Raul González, Fernando Hierro, Iker Casillas, Carles Puyol, Xavi, Steven Gerrard, Roy Keane, Paul Scholes, Ryan Giggs, Francesco Totti, Paolo Maldini and Javier Zanetti are all to blame for me being more than just a Juventino, more a football fan overall. And I’m sure I’m not the only one. They made people realize football was not just about winning, but about winning with your team, with your family.

Back when Juve was sent to Serie B and Del Piero and the rest stayed, this sentiment became even stronger. A true gentleman never abandons his (old) lady he once said, and the rest followed. They all behaved like true captains back then. I can’t imagine many players following their examples nowadays. I don’t really want to point fingers at the captains of today, but some just lack the charisma, leadership or even trajectory to be considered among the great ones mentioned above – not talent wise, but as true captains. Time after time, I’ve seen captains of today just looking at the floor when all seems lost instead of pushing their teammates to believe until the very end.


TURIN, ITALY – MAY 09: Gianluigi Buffon of Juventus celebrates with fans after the full time whistle following victory in the UEFA Champions League Semi Final second leg match between Juventus and AS Monaco at Juventus Stadium on May 9, 2017 in Turin, Italy. (Photo by Stuart Franklin/Getty Images)

People say that as hard as winning is, staying at the top is even harder. In that way Buffon has managed to become a captain in the truest form of the word, rallying his troops every time he saw them getting complacent and making sure they knew they had to keep working hard and staying focused to keep the victories coming, for themselves, for Juventus and for us juventini.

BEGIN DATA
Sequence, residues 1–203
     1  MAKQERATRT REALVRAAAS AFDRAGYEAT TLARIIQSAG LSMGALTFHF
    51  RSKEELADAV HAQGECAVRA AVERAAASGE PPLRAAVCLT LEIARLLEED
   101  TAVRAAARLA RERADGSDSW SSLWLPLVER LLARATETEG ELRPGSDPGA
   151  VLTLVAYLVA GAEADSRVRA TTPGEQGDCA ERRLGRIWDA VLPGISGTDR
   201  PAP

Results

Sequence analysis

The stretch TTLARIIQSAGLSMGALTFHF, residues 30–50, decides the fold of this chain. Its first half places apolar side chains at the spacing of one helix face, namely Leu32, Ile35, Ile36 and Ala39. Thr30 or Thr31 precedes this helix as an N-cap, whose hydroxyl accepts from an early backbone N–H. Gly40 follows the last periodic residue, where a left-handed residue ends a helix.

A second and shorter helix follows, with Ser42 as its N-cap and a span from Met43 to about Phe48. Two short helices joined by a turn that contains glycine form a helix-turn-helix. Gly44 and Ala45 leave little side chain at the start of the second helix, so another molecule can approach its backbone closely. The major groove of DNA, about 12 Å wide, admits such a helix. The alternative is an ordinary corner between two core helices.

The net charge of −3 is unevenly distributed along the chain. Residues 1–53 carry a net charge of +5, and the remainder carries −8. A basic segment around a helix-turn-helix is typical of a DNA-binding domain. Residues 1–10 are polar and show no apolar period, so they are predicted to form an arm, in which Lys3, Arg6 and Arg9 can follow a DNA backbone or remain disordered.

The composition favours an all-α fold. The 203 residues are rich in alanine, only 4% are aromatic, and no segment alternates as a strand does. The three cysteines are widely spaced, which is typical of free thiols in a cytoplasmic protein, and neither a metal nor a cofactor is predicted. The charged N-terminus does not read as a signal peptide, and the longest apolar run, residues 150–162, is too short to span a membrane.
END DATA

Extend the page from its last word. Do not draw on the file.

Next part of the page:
Some could see Michael Oliver as the antagonist of his story, I don’t really agree. Sometimes sheer luck is the one at fault, some things are just not meant to be. But no matter what happens when Gigi gets another shot at his ultimate goal with a new jersey, we must make sure that he realizes he will always be the hero of his own story… even of ours.

Sure, we all feel this ending a bit anticlimactic – The perfect finish would have been finally winning the Champions League, breaking the all-time Serie A appearance record and becoming the only player in the history of the sport to play in six world cups.

But sometimes the perfect ending of a movie is just watching your hero walking away towards the horizon, forever grateful for everything he did. Forever grateful for making football a better sport for every single new fan throughout the years. Forever grateful for being himself, a human being, admitting himself flawed, hunted and even sometimes doubtful. For making us see that sometimes legends can walk among us, as human beings.

Living in the times of Messi and Cristiano has made people take incredible athletes for granted, but we must make sure to remember how lucky we were to live in the times when the greatest goalkeeper in the history of Juventus (And maybe even football) was standing between the sticks and how reassured we were knowing that if anyone would be able to stop whatever was coming next, it was him.

We will forever salute you captain, the last of the great ones. You will never be forgotten. A true gentleman never abandons his lady, and true fans never abandon their legends, no matter the choice they take. Make sure Paris gets a taste of the absolute greatness we tasted for almost 20 years.

Thank you for all these wonderful years; good luck in your new adventure and hope to see you back sooner rather than later.